Metro Manila (Filipino: Kalakhang Maynila) is the National Capital Region and the prime tourist destination in the Philippines. The metropolis is the Philippines' center of commerce, education, and entertainment. It is located on the island of Luzon, bordered by the province of Bulacan on the north, Rizal on the east, Laguna on the south, Cavite on the southwest, and Manila Bay on the west. Though it is the smallest region in the country, Metro Manila is the most populous of the twelve defined metropolitan areas in the Philippines and the 11th most populous in the world with a population of 16.3 million people.
|1st District (Manila)
The 1st district is exclusive for the Philippines' bustling, crowded and noisy city of Manila where the historic walled city of Intramuros stands. This is also where Chinatown and Little India are located.
|2nd District (Quezon City, Marikina, Pasig, Mandaluyong)
Quezon City; one of the Philippines' largest cities in terms of population and the former capital of the country is located here, as well as Pasig and its historical river. The Ortigas CBD, the capital's secondary financial hub next to Makati, is located in Mandaluyong. Lastly, Marikina, known forth both its shoes and rapid development, is also located in this district.
|3rd District (Navotas, Malabon, Caloocan, Valenzuela, North Caloocan)
The 3rd district consists of the flood prone city of Malabon, Valenzuela, Navotas, Caloocan and North Caloocan all of which are on the outskirts of the Metro.
|4th District (Makati, Pasay, Taguig, Pateros, Muntinlupa, Parañaque, Las Piñas)
The heart of the 4th district is formed by the financial and commercial districts of Makati, Pasay and Taguig. Las Piñas is where the famous bamboo organ is found. Parañaque is where Newport city (containing Resorts World and the Marriot) of Philippines is located, right across Naia terminal 3. The city of Muntinlupa where the Philippines' smallest lake is located. The town of Pateros which is mostly known for its Balut.
Metro Manila is home to the country's business districts, wealth extremes as well as major shopping centers, with a combined population of 11 Million and growing.
- Manila — The capital of the country, known for its rich colonial history, busy markets, old churches, gigantic shopping centers and vibrant nightlife.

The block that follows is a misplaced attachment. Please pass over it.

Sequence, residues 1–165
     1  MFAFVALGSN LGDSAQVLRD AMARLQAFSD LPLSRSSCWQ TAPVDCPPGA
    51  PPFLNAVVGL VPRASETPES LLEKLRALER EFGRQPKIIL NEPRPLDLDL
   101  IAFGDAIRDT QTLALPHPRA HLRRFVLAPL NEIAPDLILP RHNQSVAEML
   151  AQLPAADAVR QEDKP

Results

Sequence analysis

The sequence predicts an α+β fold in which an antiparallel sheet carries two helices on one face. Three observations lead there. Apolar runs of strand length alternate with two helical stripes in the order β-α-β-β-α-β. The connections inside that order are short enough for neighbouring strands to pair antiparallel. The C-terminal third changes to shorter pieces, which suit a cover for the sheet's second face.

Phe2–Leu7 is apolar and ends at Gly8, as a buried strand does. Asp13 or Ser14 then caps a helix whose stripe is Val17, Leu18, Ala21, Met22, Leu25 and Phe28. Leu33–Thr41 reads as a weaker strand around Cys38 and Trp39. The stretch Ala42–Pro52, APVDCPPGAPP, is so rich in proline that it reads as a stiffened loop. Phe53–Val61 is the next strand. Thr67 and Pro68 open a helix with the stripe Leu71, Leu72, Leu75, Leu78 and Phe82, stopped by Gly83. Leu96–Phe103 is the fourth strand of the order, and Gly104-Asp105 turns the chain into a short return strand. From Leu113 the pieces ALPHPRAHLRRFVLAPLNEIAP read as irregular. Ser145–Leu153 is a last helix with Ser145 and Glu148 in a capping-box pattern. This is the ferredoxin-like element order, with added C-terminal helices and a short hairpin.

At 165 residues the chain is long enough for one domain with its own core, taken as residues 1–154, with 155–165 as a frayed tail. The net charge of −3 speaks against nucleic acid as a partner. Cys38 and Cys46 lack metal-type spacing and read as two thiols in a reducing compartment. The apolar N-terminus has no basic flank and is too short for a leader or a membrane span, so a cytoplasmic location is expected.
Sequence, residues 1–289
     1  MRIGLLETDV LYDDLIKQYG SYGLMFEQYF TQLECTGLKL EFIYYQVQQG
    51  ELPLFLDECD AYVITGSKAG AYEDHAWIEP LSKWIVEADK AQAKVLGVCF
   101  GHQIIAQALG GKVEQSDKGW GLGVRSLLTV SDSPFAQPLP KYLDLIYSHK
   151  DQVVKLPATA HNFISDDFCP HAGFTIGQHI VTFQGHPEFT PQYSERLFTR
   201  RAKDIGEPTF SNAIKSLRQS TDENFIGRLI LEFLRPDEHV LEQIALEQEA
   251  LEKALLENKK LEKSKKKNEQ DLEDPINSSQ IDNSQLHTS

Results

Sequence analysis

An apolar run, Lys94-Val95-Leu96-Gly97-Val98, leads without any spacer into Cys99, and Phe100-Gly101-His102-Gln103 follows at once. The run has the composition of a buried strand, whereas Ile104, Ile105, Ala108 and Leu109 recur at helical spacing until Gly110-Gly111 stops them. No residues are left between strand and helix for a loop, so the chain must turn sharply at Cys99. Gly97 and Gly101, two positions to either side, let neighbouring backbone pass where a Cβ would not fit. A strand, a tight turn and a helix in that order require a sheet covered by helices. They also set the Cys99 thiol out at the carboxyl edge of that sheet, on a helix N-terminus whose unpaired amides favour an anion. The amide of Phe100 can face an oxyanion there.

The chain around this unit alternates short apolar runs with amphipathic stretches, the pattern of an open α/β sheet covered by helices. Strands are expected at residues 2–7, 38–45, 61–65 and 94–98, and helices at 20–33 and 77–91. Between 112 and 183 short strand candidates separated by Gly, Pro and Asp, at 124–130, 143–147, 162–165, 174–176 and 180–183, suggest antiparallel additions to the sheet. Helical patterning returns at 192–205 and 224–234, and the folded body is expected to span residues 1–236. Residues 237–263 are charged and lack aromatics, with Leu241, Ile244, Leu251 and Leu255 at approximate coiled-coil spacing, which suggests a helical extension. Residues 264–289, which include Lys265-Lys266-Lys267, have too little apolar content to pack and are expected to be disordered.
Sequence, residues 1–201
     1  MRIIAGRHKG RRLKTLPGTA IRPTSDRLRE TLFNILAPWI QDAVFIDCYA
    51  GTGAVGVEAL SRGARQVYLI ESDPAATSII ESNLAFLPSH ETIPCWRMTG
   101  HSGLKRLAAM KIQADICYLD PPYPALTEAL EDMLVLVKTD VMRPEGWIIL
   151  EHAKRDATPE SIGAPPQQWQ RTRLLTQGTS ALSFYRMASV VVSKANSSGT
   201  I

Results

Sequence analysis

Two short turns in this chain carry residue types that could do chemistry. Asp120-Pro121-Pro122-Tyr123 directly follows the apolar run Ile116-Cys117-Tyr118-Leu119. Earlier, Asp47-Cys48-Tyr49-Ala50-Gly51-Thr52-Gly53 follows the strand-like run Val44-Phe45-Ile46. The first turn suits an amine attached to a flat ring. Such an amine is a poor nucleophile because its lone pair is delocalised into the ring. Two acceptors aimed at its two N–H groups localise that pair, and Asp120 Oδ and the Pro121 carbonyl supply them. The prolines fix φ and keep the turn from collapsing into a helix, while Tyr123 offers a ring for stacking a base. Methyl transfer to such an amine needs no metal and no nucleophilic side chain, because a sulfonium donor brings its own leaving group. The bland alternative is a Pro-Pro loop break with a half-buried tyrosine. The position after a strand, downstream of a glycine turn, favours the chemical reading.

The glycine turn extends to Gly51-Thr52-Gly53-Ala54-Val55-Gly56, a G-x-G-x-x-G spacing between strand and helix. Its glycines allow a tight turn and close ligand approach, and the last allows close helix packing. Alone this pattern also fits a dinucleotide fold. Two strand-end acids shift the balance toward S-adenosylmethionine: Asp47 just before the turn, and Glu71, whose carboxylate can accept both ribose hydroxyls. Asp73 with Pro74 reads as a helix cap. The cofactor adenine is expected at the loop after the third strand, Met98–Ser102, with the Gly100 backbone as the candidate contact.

- Quezon City — Also has its share of large shopping malls, and electronic and automotive parts discount centers. The Ortigas Center at the confluence of Quezon City, Mandaluyong and San Juan is also a shopper's paradise.
- Caloocan — The main hub of people from the Northern Philippines. Known to be one of the 4 original cities of Metro Manila, along side Manila, Quezon City, and Pasay City.
- Pasay — Home to cultural centers and establishments as well as the Philippines' second largest mall; The Mall of Asia.
- Pasig — A city named after the river next to it, the Pasig River. It is an industrial town with a booming business district in the uptown Ortigas Center. Downtown Pasig is home to more rustic churches, American period houses, and excellent cuisine.
- Makati — Metro Manila's business district with tall buildings, luxurious hotels, vast shopping malls, lively entertainment spots, and numerous restaurants.
- Mandaluyong — Nicknamed as Shopping capital of the Philippines for its collection of numerous shopping centers.
- Marikina — Shoe capital of the Philippines, it was the former capital of the province of Manila during the declaration of Philippine Independence.
- Taguig — First a thriving fishing community it slowly developed into an urbanized city.
- Pateros — Metro Manila's only municipality known for its famous Balut
- San Juan — One of the smallest yet bustling cities of the metropolis.